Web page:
Prajnendriya, aka: Prajna-indriya, Prajñendriya; 2 Definition(s)
Prajnendriya means something in Buddhism, Pali. If you want to know the exact meaning, history, etymology or English translation of this term then check out the descriptions on this page. Add your comment or reference to a book if you want to contribute to this summary article.
Mahayana (major branch of Buddhism)
Prajñendriya (प्रज्ञेन्द्रिय) refers to the “faculty of wisdom” and represents one of the five faculties (pañcendriya) forming part of the thirty-seven auxiliaries to enlightenment (bodhipākṣika), according to the 2nd century Mahāprajñāpāramitāśāstra chapter XXXI.—Accordingly, “he considers (samanupaśyati) the four truths and the True nature (bhūtalakṣaṇa): this is called the ‘faculty of wisdom’ (prajñendriya)”.
Also, “when, in view of the Path and the dharmas adjuvant to the Path, he considers (anupaśyati) the sixteen aspects of the truths (ṣoḍaśākāra), impermanence (anitya), etc., that is the faculty of wisdom (prajñendriya)”.Source: Wisdom Library: Maha Prajnaparamita Sastra
Mahayana (महायान, mahāyāna) is a major branch of Buddhism focusing on the path of a Bodhisattva (spiritual aspirants/ enlightened beings). Extant literature is vast and primarely composed in the Sanskrit language. There are many sūtras of which some of the earliest are the various Prajñāpāramitā sūtras.
General definition (in Buddhism)
Prajñendriya (प्रज्ञेन्द्रिय) or simply Prajñā refers to the “faculty of wisdom” and represents one of the “five faculties” (pañcendriya) as defined in the Dharma-saṃgraha (section 47), itself forming part of the “thirty-seven things on the side of awakening” (bodhipākṣika-dharma). The Dharma-samgraha (Dharmasangraha) is an extensive glossary of Buddhist technical terms in Sanskrit (eg., prajñā-indriya). The work is attributed to Nagarjuna who lived around the 2nd century A.D.Source: Wisdom Library: Dharma-samgraha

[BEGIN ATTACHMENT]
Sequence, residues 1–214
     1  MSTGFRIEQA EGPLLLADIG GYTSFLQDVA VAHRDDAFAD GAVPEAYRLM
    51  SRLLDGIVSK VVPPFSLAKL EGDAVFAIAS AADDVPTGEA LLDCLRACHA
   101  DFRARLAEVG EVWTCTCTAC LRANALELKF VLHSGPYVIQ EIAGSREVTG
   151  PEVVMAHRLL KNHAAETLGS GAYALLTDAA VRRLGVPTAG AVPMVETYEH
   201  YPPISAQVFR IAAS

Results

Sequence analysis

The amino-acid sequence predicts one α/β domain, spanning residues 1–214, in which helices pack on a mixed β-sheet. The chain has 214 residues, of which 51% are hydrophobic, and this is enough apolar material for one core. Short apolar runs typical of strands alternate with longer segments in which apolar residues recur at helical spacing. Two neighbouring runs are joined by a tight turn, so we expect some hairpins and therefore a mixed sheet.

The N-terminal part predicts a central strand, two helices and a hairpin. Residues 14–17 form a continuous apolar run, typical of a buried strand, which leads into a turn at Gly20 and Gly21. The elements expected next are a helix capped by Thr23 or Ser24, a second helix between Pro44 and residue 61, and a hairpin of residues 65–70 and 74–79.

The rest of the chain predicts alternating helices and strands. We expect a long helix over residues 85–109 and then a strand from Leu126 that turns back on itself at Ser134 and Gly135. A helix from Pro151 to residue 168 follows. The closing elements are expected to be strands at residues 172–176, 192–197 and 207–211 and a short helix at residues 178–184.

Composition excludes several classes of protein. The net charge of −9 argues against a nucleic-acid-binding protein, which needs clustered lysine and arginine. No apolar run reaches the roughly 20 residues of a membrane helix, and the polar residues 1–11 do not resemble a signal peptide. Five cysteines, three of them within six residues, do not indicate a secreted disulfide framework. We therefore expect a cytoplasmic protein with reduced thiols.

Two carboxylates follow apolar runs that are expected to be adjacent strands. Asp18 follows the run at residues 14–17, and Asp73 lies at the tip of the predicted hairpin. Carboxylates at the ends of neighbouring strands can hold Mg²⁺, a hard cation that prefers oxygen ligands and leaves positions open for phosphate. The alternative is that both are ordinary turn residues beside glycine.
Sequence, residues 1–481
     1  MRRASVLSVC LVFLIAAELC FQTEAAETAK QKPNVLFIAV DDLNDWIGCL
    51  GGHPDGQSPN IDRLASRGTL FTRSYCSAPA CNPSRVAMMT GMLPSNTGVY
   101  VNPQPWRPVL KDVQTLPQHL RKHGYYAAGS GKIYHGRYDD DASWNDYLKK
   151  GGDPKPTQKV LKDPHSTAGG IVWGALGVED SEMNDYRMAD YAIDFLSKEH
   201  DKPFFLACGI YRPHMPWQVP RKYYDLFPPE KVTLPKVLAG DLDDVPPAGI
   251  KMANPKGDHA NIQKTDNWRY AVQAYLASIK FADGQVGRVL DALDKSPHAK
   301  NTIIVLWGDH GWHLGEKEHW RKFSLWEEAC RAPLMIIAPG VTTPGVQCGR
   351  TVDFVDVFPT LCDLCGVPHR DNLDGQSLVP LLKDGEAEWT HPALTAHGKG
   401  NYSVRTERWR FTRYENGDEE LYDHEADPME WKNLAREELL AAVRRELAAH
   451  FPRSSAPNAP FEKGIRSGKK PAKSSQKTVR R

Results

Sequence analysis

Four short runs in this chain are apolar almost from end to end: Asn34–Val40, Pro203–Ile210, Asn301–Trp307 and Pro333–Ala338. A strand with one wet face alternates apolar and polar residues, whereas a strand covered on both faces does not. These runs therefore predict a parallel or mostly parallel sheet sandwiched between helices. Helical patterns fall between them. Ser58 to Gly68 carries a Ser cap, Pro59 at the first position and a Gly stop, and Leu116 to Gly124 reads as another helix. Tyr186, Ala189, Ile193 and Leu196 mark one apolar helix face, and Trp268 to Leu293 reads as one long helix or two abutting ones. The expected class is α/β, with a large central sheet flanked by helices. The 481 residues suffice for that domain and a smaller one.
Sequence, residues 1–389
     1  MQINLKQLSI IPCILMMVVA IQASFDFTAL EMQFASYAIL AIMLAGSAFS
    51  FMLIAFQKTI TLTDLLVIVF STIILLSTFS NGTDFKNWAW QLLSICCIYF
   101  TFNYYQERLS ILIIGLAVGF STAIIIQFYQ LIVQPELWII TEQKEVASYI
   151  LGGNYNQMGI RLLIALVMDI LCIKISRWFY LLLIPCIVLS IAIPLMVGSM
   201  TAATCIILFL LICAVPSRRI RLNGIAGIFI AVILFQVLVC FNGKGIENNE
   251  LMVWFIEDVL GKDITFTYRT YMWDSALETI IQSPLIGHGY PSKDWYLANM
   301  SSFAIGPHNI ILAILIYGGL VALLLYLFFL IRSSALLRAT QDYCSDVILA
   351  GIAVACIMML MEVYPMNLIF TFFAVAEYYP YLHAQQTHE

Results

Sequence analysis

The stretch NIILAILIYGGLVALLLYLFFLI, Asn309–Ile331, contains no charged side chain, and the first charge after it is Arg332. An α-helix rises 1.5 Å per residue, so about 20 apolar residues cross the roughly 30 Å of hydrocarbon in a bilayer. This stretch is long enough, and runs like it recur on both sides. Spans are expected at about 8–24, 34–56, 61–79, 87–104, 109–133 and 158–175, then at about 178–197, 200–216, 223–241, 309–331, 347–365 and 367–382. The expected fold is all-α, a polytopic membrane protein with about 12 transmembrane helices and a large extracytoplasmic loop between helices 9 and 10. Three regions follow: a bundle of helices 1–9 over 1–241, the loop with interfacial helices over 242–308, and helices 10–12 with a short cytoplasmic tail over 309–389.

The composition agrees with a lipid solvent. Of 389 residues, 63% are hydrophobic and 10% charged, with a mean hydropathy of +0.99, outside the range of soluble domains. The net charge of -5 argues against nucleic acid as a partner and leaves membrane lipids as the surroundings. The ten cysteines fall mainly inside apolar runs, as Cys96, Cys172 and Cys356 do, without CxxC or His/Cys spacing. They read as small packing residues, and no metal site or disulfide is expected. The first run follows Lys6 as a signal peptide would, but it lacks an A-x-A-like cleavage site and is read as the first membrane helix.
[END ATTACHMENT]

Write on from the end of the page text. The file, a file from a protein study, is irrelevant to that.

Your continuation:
Search found 410 related definition(s) that might help you understand this better. Below you will find the 15 most relevant articles:
Indriya (इन्द्रिय, “senses”) refers to one of the twelve prameya (“objects of valid knowledge) ...
Pañcendriya (पञ्चेन्द्रिय) refers to “five sensed living beings” and represents one of the five...
Jñānendriya (ज्ञानेन्द्रिय).—an organ of perception; (these are five tvac, rasanā, cakṣus, karṇ...
1) Prajñā (प्रज्ञा, “wisdom”) refers to one of ten constituents (dravya) of the thirty-seven au...
Prajñāpāramitā (प्रज्ञापारमिता).—one of the transcendent virtues; Buddh. Prajñāpāramitā is a Sa...
Karmendriya (कर्मेन्द्रिय).—an organ of action, as distinguished from ज्ञानेन्द्रिय (jñānendriy...
jīvitindriya : ((jīvita + indriya), nt.) the faculty of life; vitality.
Ghrāṇendriya (घ्राणेन्द्रिय).—the organ or sense of smell; नासाग्रवर्ति घ्राणम् (nāsāgravarti g...
Prajñācakṣus (प्रज्ञाचक्षुस्).—a. blind; (lit. having understanding as the only eyes); ततो ज्ञा...
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Indriyārtha (इन्द्रियार्थ).—1) an object of sense; these objects are:रूपं शब्दो गन्धरसस्पर्शाश्...
Search found 2 books and stories containing Prajnendriya, Prajna-indriya or Prajñendriya. You can also click to the full overview containing English textual excerpts. Below are direct links for the most relevant articles:
Maha Prajnaparamita Sastra (by Gelongma Karma Migme Chödrön)
E.4. The Five Faculties (pañcendriya) < [Abhidharma auxiliaries (E): Detailed study of the auxiliaries]
Abhidharma auxiliaries (B): The elements constituting the thirty-seven auxiliaries < [Part 2 - The auxiliaries according to the Abhidharma]
Mahāyāna auxiliaries (D): The five faculties < [Part 3 - The auxiliaries according to the Mahāyāna]
A Dictionary Of Chinese Buddhist Terms (by William Edward Soothill)